By: S. Davis Brooks
Growing Independence & Fluency

Rationale:  The purpose of this lesson is to teach children to read expressively, while at the same time helping them to read more fluently.  Reading expressively is one of the four factors, other than being able to read smoothly, silently, and avidly, which need to be mastered when concerning reading skills.  When knowing how to read expressively, text is more enjoyable to children.

Materials: chalk, chalkboard, multiple copies of Dr. Seuss's book, Oh, the Places You'll Go! (Publishing company: Random House: 1990), and multiple age appropriate decodable books.

1. The lesson will begin with a review of the importance of noticing what kind of punctuation is at the end of a sentence when reading.  There are three different punctuation marks that we are going to learn about and they are:  a period, an exclamation point, and a question mark.
2. The teacher will write three sentences on the chalkboard and each one will contain one of the punctuation marks.  Once they are written on the board, the teacher will read the sentences out loud to the class modeling the appropriate expression for the sentence.  "Class listen to me…Today is going to be such a fun day!,  Did you go to the game last night,?  and Ms. Smith told me not to run in the halls anymore."  "Good job listen.  Now it's the class's turn to read the sentence with expression, just as I did.  Let's say it together…sentence one………"
3. Next, the teacher will pair up students.  Then the partners are to write three of their own sentences (using each punctuation mark).
4. Once everyone is finished, each pair of students will present their sentences to the class, by reading each sentence with the appropriate vocal expressions.  After each sentence is read, a student will be called on to answer which punctuation was used in the sentence.
5. Then the teacher will combine three pairs of students (making three groups of around six).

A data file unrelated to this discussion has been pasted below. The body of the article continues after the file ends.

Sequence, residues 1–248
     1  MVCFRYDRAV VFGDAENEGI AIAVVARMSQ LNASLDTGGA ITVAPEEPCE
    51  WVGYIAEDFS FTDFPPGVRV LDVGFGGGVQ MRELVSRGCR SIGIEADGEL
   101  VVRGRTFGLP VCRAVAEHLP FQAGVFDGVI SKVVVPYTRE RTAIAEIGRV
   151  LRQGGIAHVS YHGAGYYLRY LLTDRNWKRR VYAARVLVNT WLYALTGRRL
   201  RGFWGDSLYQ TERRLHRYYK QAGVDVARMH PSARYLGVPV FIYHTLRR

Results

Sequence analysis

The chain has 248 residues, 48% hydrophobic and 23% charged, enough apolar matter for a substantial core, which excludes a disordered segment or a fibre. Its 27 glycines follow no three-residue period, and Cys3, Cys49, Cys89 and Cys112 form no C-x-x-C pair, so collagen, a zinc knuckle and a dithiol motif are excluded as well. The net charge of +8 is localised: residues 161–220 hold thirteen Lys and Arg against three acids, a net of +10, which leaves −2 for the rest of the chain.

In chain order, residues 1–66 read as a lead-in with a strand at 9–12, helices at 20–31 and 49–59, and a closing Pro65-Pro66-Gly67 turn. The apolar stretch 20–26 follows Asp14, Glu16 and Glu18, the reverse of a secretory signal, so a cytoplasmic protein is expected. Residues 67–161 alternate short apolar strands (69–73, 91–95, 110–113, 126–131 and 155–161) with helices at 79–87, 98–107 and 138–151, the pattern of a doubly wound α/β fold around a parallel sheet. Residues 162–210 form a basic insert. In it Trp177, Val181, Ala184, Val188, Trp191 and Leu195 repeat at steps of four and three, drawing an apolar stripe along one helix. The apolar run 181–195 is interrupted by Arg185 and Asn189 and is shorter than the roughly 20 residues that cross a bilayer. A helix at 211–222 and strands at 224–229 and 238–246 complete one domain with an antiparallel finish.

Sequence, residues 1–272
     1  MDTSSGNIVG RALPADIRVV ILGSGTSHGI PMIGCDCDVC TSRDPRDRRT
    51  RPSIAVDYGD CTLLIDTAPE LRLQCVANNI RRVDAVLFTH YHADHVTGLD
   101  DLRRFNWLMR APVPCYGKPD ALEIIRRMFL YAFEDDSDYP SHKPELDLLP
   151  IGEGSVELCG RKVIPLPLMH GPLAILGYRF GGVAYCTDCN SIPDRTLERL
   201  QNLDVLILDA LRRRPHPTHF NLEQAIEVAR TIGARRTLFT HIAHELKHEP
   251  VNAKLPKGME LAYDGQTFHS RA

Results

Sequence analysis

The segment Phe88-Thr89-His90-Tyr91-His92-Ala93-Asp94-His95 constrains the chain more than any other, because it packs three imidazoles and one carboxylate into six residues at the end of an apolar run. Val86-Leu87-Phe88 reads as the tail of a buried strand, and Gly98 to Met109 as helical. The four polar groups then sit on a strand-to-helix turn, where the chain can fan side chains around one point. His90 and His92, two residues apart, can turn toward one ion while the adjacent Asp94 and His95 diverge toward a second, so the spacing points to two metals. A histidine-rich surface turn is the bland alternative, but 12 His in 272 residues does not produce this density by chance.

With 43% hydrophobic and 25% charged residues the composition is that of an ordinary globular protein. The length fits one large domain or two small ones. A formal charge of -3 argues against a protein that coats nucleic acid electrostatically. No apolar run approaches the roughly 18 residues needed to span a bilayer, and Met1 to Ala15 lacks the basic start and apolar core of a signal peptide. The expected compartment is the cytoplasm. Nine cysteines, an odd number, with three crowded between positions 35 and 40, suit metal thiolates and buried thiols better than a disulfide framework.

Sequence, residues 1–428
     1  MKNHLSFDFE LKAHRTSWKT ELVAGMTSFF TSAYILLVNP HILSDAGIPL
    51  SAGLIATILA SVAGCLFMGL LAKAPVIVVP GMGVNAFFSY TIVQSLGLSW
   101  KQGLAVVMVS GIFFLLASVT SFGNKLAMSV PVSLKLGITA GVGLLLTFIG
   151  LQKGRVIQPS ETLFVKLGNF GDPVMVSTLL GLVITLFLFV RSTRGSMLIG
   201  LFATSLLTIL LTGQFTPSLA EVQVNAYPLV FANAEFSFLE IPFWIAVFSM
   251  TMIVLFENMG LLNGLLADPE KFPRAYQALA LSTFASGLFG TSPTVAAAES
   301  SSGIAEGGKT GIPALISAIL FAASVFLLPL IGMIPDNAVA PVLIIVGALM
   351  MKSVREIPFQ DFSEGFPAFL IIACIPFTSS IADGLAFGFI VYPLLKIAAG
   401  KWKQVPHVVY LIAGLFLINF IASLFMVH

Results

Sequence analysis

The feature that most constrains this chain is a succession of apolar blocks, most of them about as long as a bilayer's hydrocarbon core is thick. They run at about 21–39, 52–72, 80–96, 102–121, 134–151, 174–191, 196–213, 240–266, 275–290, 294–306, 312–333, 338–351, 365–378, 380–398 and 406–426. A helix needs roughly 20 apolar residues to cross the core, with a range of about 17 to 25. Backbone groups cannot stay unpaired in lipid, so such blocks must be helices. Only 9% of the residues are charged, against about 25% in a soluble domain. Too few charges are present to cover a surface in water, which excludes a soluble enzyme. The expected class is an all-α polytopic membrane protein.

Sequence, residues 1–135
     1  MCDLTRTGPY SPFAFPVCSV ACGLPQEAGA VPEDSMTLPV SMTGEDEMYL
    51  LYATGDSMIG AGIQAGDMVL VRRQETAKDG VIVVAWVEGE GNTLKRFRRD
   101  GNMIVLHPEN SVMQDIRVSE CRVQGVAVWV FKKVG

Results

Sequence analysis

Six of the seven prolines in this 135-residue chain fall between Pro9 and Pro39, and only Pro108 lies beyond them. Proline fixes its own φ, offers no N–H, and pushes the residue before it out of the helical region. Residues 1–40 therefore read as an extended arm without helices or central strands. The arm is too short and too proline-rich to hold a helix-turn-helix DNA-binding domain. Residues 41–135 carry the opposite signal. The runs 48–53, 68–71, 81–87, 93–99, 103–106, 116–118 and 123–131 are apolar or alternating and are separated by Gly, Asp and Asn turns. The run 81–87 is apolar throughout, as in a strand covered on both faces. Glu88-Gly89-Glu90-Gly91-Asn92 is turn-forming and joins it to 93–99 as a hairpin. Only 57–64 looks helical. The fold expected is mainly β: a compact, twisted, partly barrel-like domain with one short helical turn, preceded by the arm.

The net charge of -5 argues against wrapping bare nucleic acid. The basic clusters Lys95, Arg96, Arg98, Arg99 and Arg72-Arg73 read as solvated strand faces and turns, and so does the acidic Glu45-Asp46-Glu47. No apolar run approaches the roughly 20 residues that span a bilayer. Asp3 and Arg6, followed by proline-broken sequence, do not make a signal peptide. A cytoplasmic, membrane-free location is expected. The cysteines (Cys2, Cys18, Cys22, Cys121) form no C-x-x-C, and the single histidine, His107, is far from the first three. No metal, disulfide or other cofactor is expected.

6. Once in these larger groups, they are going to read Oh, the Places You'll Go!, by, Dr. Seuss.  Each individual will read three pages out loud to the group, along with demonstrating the appropriate vocal expression in the reading.  After one student finishes his/her turn reading, the book will be passed to the next student sitting to the right of him/her.
7. The teacher will be walking around the room, so she can catch any mistakes from the students.  Also, the teacher will encourage the students to help each other within their small group.
8. In closing and before the assessment, the teacher will review one more time the three different punctuation marks.  Next the teacher will reread her sample sentences that she wrote on the board and again using the correct expression(s).
9. For assessment the teacher will have the students come up individually during their free reading time to read an age appropriate decodable book with expression.  The teacher will mark the number of times that each punctuation mark was read with expression correctly or incorrectly.
10. For a follow-up activity the teacher can ask that the students go home tonight and look for examples of sentences with punctuation marks in magazines, newspapers, etc.  Then the next day they are to turn in at least two sentences from a magazine, etc.  Once all the sentences are turned in, the class will make a big chart as a class and glue each sentence in the appropriate column to see which punctuation mark has the most.

 Murray, Dr. Bruce. 2001.  The Reading Genie Website.  Growing independence and Fluency:

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